We will be going on adventures and writing poems, fiction, and mashups of the two. Students’ work will be carefully and attentively workshopped by the class – as well we will discuss some innovative works in the genre(s) such as CITIZEN by Claudia Rankine, SOLIBO MAGNIFICENT by Patrick Chamoiseaux, AUTOBIOGRAPHY OF RED by Anne Carson, FAIR PLAY by Tove Jansson, and STORY OF YOUR LIFE AND OTHER STORIES by Ted Chiang.

introduction-to-creative-writing <

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Summer 2016 at UPenn:

Creative Writing {Poetry and Nonfiction}

We will be going on adventures and writing poems, essays, and mashups of the two. Students’ work will be carefully and attentively workshopped by the class – as well we will discuss some innovative works in the genre(s) such as CITIZEN by Claudia Rankine, THE ARGONAUTS by Maggie Nelson, AUTOBIOGRAPHY OF RED by Anne Carson, THE SUMMER BOOK by Tove Jansson, — and other contemporary hybrid works.

Introduction to Creative Writing SUMMER SYLLABUS

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I am teaching two classes in Spring 2016 at UPenn

ENG 088: Twentieth-Century American Poetry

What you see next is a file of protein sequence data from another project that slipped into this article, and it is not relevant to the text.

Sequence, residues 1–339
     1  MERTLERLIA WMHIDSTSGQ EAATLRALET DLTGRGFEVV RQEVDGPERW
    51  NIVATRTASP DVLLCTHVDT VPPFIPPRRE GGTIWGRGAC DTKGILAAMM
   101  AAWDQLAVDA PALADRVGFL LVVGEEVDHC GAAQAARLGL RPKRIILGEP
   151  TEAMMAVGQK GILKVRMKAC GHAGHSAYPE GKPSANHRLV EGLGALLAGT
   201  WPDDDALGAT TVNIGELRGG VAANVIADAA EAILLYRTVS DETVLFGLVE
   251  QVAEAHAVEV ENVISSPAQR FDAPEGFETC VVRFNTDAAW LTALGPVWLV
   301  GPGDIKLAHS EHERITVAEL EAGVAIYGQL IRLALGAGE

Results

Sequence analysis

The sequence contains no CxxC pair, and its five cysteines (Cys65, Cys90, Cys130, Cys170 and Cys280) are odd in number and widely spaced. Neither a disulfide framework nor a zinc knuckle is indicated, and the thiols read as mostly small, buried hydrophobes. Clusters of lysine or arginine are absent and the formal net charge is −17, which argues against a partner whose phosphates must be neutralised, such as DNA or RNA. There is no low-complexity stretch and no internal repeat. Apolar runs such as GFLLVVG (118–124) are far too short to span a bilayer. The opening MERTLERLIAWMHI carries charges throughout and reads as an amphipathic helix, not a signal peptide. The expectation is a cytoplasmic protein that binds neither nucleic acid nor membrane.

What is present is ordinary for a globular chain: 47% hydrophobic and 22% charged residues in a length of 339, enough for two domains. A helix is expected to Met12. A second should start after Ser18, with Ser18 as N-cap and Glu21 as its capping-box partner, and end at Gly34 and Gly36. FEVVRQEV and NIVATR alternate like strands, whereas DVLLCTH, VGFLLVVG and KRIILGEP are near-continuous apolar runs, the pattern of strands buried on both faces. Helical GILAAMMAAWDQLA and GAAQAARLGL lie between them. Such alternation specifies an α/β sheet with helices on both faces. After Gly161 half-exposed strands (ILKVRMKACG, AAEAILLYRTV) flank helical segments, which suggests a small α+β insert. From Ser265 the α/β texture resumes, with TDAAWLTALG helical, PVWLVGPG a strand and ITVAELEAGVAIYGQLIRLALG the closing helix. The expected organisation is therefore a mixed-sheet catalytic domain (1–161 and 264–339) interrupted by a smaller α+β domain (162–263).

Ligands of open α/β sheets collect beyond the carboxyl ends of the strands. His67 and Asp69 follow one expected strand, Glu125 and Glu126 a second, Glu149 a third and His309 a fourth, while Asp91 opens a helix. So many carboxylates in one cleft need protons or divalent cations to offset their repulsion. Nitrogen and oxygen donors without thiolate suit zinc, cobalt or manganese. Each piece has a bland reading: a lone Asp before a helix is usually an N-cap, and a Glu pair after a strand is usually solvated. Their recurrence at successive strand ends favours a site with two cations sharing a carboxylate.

20th Century American Poetry SYLLABUS

Charles Demuth, watercolor, The Circus (1917)/ Charles Demuth “My Egypt” oil on canvas 1927 / Smith Corona Corsair Typewriter/ Wiki North America / Charles Demuth, Vaudeville, 1917, Watercolor and pencil on paper  / Grandes Carrières, 1961–62. Oil on canvas, 78 3/4 x 118 1/4 inches (200 x 300.5 cm). The Museum of Modern Art, New York. Gift of The Estate of Joan Mitchell

This fast-paced course will provide an immersion in a diverse and exuberant array of American poetry.  We will consider the poem as an artwork made out of words, and specifically, in this case, words of the English language, asking, immediately, “how does a poem work?” as well as, more broadly, “what does it mean to make art out of English?” and “what are the stakes of a poem for various 20th-century United States citizens?”  We will consider individual poems through careful, close readings, but we will also put poems into context, considering the poem in relation to historical events and the surrounding media such as 20th century painting, cinema, television and the internet. We will consider the poem as an object embedded in a rapidly changing world in which language matters in terms of identity and gender, commerce and desire. Who is speaking in the poem? Authors may include Emily Dickinson, Walt Whitman, Hart Crane, William Carlos Williams, Ronald Johnson, Lorine Niedecker, Jack Spicer, Rae Armantrout, Leslie Marmon Silko, Frank O’Hara, Langston Hughes, Agha Shahid Ali, Claudia Rankine, among many others,  Above all, students will gain an understanding of central themes and issues in 20th-American poetry and will learn about the properties of language as an art-making medium. Both creative exercises and scholarly work will be required.